Bill Lynch, Mason Adams, Kelley Libby, Emily Rice Published

Appalachian Tarot Cards And Ron Rash, Inside Appalachia

Six tarot cards are seen on a table.
Genevieve Barbee-Turner's tarot cards with an Appalachian twist.

This week, a Pittsburgh artist channels the Steel City’s mythology and struggles — into tarot cards.

Western North Carolina author Ron Rash shares his thoughts on writing about Appalachians.

And we hear about efforts in Virginia’s Shenandoah Valley to return a young bald eagle to the wild. 

These stories and more this week, Inside Appalachia.

In This Episode:

Tarot Cards For The Iron City

Woman takes a selfie. Artwork is behind her on a table. She has blonde hair that is pulled up into a messy bun. She has tattoos on her neck.
Genevieve Barbee-Turner

Courtesy Photo

Appalachia is full of haunting stories and folktales. Now, a Pittsburgh artist is channeling some of those stories into a tarot deck.

Genevieve Barbee-Turner makes tarot decks featuring Pittsburgh lore and acknowledging city issues such as harm reduction, homelessness and gentrification. 

Host Mason Adams spoke with Barbee-Turner about art and making cards about Appalachia and Pittsburgh. 

A Novelist Looks At 70

Ron Rash is an Appalachian poet, novelist and short story writer. A professor of Appalachian Cultural Studies at Western Carolina University, he’s written more than 20 books, including several that appeared on the New York Times Bestseller List. 

His latest is called The Caretaker. It’s set in Korean war-era Appalachia.

Producer Bill Lynch spoke with Rash about the novel, Appalachia and getting older.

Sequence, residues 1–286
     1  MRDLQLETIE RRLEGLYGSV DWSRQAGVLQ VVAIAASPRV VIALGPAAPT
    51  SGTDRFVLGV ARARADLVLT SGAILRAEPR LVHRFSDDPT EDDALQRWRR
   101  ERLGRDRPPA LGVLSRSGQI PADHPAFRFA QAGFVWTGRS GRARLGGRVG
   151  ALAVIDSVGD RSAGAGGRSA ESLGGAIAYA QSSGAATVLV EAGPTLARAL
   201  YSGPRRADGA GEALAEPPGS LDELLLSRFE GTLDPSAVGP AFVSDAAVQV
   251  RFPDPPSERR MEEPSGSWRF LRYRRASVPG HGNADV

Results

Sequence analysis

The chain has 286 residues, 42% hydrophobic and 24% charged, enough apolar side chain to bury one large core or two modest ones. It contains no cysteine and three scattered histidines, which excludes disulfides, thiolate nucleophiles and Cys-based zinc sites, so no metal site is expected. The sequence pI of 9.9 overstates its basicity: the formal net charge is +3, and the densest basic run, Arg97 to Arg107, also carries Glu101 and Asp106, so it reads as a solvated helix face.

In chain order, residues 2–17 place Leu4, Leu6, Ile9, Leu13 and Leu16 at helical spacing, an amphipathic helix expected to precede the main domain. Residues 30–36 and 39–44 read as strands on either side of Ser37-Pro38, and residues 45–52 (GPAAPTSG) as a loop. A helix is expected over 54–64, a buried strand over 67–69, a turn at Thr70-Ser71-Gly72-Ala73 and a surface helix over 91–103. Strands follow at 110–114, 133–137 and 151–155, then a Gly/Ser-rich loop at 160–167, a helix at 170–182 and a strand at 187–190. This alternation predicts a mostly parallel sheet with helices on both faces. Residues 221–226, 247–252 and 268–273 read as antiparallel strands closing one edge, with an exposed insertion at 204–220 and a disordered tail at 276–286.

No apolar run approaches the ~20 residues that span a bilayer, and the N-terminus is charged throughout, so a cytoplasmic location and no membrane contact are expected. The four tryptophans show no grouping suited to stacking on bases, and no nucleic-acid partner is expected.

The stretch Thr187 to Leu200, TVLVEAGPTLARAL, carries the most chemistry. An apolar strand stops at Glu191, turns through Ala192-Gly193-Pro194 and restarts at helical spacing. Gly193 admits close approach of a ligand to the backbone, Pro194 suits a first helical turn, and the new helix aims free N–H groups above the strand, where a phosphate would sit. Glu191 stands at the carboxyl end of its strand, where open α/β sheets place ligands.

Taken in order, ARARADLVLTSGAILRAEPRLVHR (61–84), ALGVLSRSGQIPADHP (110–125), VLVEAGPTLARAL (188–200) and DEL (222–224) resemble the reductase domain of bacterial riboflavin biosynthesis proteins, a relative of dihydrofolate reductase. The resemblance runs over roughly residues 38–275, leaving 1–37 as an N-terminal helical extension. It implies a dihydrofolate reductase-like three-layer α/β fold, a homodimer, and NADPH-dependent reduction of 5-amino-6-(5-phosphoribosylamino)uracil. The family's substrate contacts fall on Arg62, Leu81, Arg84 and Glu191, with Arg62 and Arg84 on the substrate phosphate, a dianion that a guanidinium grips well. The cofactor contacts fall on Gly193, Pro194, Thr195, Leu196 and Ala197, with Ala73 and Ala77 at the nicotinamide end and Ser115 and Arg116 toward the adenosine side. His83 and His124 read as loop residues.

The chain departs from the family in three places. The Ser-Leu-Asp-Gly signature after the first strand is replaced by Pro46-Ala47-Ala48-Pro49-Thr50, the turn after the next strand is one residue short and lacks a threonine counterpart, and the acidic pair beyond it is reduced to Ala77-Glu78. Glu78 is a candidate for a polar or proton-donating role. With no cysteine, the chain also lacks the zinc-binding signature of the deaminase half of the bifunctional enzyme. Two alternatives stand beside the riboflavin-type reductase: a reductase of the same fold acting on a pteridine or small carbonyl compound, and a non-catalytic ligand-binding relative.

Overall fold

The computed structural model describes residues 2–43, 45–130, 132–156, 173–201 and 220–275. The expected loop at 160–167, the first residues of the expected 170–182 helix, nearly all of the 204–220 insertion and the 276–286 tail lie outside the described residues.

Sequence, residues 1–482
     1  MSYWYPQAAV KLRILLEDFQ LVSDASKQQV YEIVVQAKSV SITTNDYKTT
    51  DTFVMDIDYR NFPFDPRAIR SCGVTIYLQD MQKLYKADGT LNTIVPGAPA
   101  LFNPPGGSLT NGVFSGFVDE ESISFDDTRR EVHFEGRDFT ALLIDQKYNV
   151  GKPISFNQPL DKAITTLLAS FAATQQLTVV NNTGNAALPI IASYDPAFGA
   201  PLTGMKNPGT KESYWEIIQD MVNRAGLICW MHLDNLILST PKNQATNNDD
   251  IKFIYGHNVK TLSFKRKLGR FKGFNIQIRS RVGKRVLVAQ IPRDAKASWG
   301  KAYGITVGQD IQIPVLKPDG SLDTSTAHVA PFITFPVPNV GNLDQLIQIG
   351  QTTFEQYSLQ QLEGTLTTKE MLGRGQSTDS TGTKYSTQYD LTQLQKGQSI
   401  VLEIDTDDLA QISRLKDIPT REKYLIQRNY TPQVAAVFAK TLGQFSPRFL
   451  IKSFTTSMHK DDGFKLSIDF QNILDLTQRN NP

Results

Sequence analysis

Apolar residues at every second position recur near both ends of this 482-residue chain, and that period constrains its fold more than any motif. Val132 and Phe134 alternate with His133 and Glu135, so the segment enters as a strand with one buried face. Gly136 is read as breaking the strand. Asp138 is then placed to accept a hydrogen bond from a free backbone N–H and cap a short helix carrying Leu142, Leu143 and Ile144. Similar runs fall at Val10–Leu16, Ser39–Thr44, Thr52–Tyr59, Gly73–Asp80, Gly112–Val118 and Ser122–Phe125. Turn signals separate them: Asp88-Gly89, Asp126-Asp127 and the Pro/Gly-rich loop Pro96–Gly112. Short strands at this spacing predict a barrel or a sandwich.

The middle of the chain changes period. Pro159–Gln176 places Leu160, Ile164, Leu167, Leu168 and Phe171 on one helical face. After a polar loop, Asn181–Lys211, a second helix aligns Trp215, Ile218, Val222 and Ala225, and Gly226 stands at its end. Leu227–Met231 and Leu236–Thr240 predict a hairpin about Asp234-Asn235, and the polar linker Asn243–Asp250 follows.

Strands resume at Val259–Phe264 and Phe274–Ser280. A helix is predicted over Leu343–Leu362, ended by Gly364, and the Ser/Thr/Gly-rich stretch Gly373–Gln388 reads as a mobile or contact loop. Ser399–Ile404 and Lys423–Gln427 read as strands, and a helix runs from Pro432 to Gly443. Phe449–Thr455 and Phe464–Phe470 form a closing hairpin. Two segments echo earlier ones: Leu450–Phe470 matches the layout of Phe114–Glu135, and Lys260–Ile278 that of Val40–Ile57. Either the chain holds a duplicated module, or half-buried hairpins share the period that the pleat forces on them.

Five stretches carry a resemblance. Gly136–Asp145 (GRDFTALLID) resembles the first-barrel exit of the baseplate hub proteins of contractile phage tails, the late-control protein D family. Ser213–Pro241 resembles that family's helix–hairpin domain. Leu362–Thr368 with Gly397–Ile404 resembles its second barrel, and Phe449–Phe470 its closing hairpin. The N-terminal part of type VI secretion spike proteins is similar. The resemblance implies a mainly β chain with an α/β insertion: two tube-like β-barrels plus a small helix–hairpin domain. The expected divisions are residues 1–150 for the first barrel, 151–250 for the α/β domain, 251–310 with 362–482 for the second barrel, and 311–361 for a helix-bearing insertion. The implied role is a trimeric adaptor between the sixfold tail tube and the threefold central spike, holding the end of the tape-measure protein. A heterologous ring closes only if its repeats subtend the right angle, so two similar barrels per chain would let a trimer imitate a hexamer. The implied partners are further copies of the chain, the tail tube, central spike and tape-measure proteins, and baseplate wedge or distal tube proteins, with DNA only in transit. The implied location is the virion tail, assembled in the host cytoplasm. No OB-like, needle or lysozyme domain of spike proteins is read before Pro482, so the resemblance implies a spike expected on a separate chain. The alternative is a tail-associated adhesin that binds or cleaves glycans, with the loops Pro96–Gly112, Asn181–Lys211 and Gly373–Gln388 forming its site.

A book cover is shown for Ron Rash's novel "The Caretaker." The photograph on the cover features trees with leaves turning colors for autumn. Grave stones can also be seen.

Abortion Access Over The Border

Since the U.S. Supreme Court overturned the federal right to abortion, the procedure has been limited in much of Appalachia. It’s restricted in Georgia, North Carolina and South Carolina.

And in Alabama, Kentucky, Tennessee and West Virginia — it’s banned outright.

That’s pushed some providers across state lines. Like to a clinic that recently opened in western Maryland. WVPB’s Emily Rice has the story.

Fly Like An Eagle

For generations, bald eagles were rare. Threatened by pollution, pesticides and people’s expansion into their habitat, they were dying out. But then the bald eagle became federally protected, and the pesticide DDT, which made their eggshells more brittle, was banned.

Now, bald eagles are thriving. In 2007, they left the list of endangered and threatened species. 

But every now and then, a bald eagle still needs help. WMRA’s Randi B. Hagi has a story about a young bald eagle being returned to the wild.


Our theme music is by Matt Jackfert. Other music this week was provided by Sierra Ferrel, Chris Stapleton, The Kessinger Brothers, Sturgill Simpson and Paul Loomis.

Bill Lynch is our producer. Zander Aloi is our associate producer. Our executive producer is Eric Douglas. Kelley Libby is our editor. Our audio mixer is Patrick Stephens.

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You can find us on Instagram, Threads and Twitter @InAppalachia. Or here on Facebook.

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Inside Appalachia is a production of West Virginia Public Broadcasting.